You must set limits with children

When kids are under stress or frustration, they lose their tolerance, their love of fun and their easy going ability to make each day a good one. They seem a lot more challenging and maybe even do things that don’t make one bit of sense to you.

When kids are under stress or frustration, they lose their tolerance, their love of fun and their easy going ability to make each day a good one. They seem a lot more challenging and maybe even do things that don’t make one bit of sense to you.

It is times such as these where parents need to play a positive role. It is important to set limits on a child’s behaviour to help them with the stress they are under. With children, understanding and patience are the most important needs. Without them, you won’t have the ability to fix the problem either and instead opt for harsher ways to get them to cooperate.

Jennifer Ndiwerekazi, who just had her second child at King Faisal, says that contact is the most important thing. “Create a bond with the child that will help them open up to you much easier when they are upset or demanding for something.”

“With my four year old Chloe, I get down to eye level and ask what is going on.  I ask her to tell me why she’s yelling or why she’s insisting on the blue dress taken for washing. When she notices I’m not upset, she calms down much easier as opposed to trying to get her to calm down when you are also frantic,” she said.

My three year old niece Karabo is one of the most dramatic people I know. “I’m not happy” is what she usually says when she feels she’s being misunderstood or denied something. Sometimes she insists she is not my friend and I have to be very careful when she says that. If you choose to play her game and tell her that you don’t care if she’s your friend or not or that you are not hers either, it will send her into an outburst loud enough to shatter the windows!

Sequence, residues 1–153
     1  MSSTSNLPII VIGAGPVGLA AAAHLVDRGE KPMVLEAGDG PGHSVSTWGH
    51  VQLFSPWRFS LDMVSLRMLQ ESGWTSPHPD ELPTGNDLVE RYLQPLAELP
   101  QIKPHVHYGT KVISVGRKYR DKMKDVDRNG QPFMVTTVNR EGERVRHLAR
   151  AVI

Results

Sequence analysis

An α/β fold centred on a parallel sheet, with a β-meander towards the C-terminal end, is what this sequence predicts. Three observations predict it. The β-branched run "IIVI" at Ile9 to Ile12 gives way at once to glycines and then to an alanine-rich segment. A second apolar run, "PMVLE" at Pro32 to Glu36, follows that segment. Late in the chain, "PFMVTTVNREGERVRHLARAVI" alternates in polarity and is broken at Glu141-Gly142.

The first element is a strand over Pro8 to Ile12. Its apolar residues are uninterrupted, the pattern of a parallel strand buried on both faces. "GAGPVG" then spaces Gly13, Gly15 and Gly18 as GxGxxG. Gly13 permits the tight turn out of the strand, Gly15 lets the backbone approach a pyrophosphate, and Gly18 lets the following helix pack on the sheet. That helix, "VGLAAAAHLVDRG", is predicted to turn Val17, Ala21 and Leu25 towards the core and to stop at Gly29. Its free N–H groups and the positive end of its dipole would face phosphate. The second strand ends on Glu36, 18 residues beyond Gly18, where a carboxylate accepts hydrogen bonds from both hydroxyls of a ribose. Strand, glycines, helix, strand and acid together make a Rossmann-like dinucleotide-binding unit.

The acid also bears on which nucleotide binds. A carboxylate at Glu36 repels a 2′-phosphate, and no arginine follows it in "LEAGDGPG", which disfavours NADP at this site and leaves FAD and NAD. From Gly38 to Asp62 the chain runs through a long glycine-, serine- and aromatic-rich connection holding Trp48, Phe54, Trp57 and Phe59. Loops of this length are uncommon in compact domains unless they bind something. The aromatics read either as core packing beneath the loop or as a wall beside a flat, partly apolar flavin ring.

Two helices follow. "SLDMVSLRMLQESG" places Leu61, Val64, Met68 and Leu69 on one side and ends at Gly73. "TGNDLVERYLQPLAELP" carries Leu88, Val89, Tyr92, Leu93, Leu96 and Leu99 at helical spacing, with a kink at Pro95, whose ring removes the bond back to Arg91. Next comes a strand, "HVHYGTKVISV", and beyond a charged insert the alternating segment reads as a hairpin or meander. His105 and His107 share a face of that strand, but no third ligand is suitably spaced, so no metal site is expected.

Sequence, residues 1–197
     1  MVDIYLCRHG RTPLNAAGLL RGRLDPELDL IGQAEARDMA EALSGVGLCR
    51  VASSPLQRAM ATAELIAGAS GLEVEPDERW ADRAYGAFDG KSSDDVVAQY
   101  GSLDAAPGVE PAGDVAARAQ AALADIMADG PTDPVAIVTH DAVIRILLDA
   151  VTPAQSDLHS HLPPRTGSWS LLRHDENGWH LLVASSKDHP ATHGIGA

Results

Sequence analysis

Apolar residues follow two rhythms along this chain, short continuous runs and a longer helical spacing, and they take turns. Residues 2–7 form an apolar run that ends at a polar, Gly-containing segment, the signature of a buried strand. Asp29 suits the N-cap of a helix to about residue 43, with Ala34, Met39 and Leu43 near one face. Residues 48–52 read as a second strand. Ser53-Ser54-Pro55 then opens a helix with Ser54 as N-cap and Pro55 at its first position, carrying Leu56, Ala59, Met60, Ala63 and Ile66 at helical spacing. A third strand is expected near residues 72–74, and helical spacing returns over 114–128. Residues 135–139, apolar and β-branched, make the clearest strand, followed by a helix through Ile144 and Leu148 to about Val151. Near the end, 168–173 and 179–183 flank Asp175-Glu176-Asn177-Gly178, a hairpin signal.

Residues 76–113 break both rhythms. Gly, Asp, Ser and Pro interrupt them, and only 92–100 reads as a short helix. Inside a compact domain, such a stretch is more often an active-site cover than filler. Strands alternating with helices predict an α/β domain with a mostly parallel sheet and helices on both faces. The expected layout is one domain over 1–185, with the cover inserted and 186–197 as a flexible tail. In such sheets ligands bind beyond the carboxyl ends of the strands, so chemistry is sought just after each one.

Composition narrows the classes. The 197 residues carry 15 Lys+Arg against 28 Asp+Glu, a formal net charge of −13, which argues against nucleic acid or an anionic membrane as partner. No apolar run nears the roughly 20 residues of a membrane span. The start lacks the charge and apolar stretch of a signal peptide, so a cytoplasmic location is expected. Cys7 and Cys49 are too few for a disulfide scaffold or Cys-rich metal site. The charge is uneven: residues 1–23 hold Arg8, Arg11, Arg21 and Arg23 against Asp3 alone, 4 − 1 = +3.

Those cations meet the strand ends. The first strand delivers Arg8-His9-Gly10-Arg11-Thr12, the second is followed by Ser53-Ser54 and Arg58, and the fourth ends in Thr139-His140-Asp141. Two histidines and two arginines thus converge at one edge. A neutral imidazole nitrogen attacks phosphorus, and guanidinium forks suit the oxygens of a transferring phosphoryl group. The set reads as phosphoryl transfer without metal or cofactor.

The best thing to do is to let her be mad for a while, maybe for a minute or two because she also doesn’t appreciate her anger not being taken seriously. Eventually, when she looks like she’s in the mood to talk, I call her and ask her what the problem is. I also re-assure her that our friendship is too strong to break and that I will always be her friend whether she is happy with it or not!

“Children who are under stress can’t think well. They can’t process what we tell them, so they don’t do what we ask. You must expect this, and step in, gently but firmly, to see that they don’t continue to do irrational things,” says Jennifer.

After stepping in to prevent your child from doing things that don’t make sense, they will most likely begin to cry, storm, or tantrum. Do not worry too much for this is constructive. It is a child’s way of getting rid of the tension that made her unreasonable in the first place.

Eventually, they will regain their ability to listen, be cooperative, and make the best of the situation at hand. All you need is rational behavior on your part.

 

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